Peter Doshi, editor of the British Medical Journal (BMJ) is once again bravely sticking his neck out with his latest co-authored paper.
He and six other authors from the US, Spain and Australia decided to investigate serious adverse events of special interest following mRNA vaccination in randomized trials.
They used a World Health Organisation (WHO) endorsed priority list of adverse events of special interest (AESIs) to identify serious adverse events that occurred during phase III clinical trials on which emergency use authorisation (EUA) was based. The list comprised of adverse events based on the specific vaccine platform, adverse events associated with prior vaccines in general, theoretical associations based on animal models and COVID-19 specific immunopathogenesis.
The study looked at the Pfizer and Moderna trial data which was expected to follow participants for two years. However, after EUA, participants were unblinded and those in the placebo arm offered the vaccine. This meant post authorisation data was less reliable so, to preserve randomisation, the authors used interim datasets from approximately 4 months after the trials commenced.
A serious adverse event (SAE) was defined as an adverse event that results in any of the following conditions: death; life-threatening at the time of the event; inpatient hospitalisation or prolongation of existing hospitalisation; persistent or significant disability/incapacity; a congenital anomaly/birth defect; medically important event, based on medical judgement.
SAE tables were located for both the Pfizer and Moderna trials submitted for EUA in the US. For the Moderna trial, these SAEs were from dose 1 but for Pfizer they were from dose 1 to 1 month after dose 2.
The authors found that, in the Pfizer trial, there was a 36% higher risk of SAEs, unrelated to COVID-19 in vaccinated participants in comparison with the placebo group. The Moderna trial had a 5% higher risk of SAEs. Combined there was a 15% higher risk of SAEs in the vaccine recipient group.
52 AESIs were reported in the Pfizer vaccine group versus 33 in the placebo group. This meant there was a 57% increased risk of serious AESIs and an absolute risk increase of 10.1 serious AESI per 10,000 vaccinated participants.
In the Moderna trial, there were 87 serious AESIs in the vaccine group versus 64 in the placebo group, representing a 36% increased risk. In this trial, there was an absolute risk increase of 15.1 serious AESIs per 10,000 vaccinees.
Combined, there was a 43% increased risk of serious AESIs and an absolute risk increase of 12.5 serious AESIs per 10,000 vaccinated participants.
In both trials, the largest increase in absolute risk was in coagulation disorders. There were more cardiovascular AESIs in the vaccine group in the Pfizer trial but it was balanced in the Moderna trial.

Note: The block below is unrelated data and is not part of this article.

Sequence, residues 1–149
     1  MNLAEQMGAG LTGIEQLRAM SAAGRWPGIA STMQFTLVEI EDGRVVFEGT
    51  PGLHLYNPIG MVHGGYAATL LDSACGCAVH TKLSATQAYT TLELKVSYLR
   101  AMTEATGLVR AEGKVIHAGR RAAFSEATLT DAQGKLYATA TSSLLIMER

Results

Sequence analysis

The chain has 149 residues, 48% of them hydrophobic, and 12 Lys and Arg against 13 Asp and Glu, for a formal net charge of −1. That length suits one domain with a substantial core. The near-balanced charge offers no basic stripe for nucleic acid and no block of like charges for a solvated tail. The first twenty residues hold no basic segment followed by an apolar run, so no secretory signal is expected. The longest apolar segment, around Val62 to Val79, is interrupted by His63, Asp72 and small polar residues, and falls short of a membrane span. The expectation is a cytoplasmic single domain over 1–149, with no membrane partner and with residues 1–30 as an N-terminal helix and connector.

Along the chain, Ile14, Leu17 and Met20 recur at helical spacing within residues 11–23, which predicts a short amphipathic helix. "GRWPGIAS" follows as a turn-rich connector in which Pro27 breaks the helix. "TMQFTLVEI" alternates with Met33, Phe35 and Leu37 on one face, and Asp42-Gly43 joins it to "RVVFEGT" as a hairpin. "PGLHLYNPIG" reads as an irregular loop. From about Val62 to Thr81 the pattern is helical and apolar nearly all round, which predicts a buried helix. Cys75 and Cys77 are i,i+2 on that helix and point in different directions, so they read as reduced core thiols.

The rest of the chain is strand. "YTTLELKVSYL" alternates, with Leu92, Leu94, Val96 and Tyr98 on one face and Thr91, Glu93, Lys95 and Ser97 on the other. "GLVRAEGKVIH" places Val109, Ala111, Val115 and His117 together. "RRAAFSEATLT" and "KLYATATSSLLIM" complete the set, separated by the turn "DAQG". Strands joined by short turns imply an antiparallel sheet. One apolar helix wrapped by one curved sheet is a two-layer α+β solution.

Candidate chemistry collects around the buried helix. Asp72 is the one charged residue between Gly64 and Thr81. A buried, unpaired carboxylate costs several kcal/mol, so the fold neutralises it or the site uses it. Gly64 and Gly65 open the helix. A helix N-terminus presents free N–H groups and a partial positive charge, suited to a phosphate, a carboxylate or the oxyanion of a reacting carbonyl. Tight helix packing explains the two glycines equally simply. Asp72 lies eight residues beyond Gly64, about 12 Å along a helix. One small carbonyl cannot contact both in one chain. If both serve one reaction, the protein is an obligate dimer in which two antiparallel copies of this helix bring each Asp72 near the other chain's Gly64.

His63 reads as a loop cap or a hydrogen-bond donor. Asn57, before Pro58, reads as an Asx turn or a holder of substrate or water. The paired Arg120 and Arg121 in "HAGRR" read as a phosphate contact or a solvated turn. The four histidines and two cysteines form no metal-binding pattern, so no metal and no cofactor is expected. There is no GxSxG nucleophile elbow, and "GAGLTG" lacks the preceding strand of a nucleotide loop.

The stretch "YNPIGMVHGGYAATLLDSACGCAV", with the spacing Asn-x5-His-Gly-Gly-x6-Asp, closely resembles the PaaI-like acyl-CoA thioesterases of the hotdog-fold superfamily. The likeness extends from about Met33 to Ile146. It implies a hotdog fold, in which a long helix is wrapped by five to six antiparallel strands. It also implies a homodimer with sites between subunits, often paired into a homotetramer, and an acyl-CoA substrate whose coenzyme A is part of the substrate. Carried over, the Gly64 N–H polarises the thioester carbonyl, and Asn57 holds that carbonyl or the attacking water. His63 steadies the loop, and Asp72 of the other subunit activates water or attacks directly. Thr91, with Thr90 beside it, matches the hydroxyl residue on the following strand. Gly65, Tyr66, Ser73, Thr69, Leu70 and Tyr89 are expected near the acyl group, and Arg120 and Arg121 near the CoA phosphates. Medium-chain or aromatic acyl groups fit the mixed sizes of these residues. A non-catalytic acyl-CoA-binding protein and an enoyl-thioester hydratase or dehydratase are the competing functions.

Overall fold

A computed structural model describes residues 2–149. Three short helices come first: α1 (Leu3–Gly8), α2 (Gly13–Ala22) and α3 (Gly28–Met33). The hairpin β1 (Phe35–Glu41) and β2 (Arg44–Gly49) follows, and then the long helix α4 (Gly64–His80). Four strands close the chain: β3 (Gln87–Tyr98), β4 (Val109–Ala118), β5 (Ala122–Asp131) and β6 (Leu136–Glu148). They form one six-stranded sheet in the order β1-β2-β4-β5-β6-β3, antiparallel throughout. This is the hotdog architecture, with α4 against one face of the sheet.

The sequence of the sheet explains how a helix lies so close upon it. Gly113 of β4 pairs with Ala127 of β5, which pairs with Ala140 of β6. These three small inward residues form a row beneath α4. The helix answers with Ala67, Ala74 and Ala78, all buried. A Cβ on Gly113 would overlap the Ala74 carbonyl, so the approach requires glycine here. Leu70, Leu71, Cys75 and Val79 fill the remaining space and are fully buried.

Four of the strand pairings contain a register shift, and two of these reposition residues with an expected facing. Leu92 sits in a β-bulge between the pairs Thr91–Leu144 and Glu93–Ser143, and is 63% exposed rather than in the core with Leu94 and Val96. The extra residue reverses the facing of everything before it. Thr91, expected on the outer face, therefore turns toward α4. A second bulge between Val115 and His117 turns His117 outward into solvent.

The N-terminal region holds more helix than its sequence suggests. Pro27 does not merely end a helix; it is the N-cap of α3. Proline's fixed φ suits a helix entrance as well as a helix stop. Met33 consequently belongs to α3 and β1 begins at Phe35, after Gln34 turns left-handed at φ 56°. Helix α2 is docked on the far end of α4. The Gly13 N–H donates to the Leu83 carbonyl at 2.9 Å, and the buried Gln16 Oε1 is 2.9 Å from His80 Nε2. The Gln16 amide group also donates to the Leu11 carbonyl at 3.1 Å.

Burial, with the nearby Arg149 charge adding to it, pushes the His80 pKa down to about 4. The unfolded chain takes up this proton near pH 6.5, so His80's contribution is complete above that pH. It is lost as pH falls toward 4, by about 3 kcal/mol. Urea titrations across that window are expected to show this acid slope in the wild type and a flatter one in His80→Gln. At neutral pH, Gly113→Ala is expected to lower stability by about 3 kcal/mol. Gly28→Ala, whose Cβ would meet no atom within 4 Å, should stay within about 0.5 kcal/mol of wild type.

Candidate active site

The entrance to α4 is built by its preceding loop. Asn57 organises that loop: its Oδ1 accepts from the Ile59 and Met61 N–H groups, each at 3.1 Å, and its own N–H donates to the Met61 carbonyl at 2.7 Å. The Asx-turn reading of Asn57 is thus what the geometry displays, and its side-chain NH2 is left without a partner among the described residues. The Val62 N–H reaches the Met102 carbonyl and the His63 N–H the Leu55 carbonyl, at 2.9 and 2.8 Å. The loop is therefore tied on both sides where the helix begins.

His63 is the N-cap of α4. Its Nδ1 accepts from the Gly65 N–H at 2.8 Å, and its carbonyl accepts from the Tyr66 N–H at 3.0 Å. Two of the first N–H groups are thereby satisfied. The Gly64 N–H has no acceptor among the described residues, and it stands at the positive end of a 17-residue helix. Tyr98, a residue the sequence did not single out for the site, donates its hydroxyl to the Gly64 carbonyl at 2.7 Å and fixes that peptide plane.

Taking into consideration the harm-benefits, they compared AESIs with vaccine risk reduction for COVID-19 hospitalisation. With the Moderna vaccine, the risk of AESIs was 15.1 per 10,000 participants compared with a Covid hospitalisation risk reduction of 6.4 per 10,000. The Pfizer trial had a AESI risk of 10.1 per 10,000 compared with a hospitalisation risk reduction of 2.3 per 10,000 participants. Therefore, with both vaccines, the risk of AESIs surpassed the risk reduction for COVID-19 hospitalisation.
The paper looks at the FDA reviews of SAEs which concluded that, for Pfizer, were “balanced between treatment groups”. For Moderna, the FDA said that SAEs were “without meaningful imbalances between study arms”. This current study, however, found an increased risk of SAEs so they tried to understand how there could be two very different conclusions. They concluded that the main reason for the discrepancy may be because the FDA used a different, larger analysis population. This was because the FDA included all individuals who had received at least one dose, irrespective of the duration of post-injection follow up time. The authors, in this paper, used a study population with medial follow up >2 months after dose 2, of which 98.1% had received both doses. Therefore, the FDA’S analysis included thousands of additional participants with very little follow-up, of which the large majority had only received 1 dose.
The authors discuss the results which show an excess risk of serious AESIs greater than the reduction in COVID-19 hospitalisation. They say that these results are compatible with another analysis (Benn et al) which found no evidence of a reduction in overall mortality. They say that both papers point to the need for formal harm-benefit analyses especially in individuals at low risk of COVID-19 hospitalisation or death.
It is suggested that because the majority of SAEs are relatively common events (e.g. stroke), signal detection is complicated because clinical suspicion of adverse vaccine reactions will be lower than less common SAEs such as myocarditis. Therefore, there is likely to be over and under reporting. Public health messages assuring safety may lower clinical suspicions whereas messages about potential harms may stimulate reports.
Because this study only looked at SAEs occurring past 1 month after dose 2 there may have been undercounting of serious AESIs.
The authors conclude that a systematic review and meta-analysis using individual participant data should be undertaken to address questions of harm-benefit in various demographic subgroups. Full transparency of the COVID-19 vaccine clinical trial data is needed to properly evaluate these questions. Unfortunately, well over a year after widespread use of COVID-19 vaccines, participant level data remain inaccessible.
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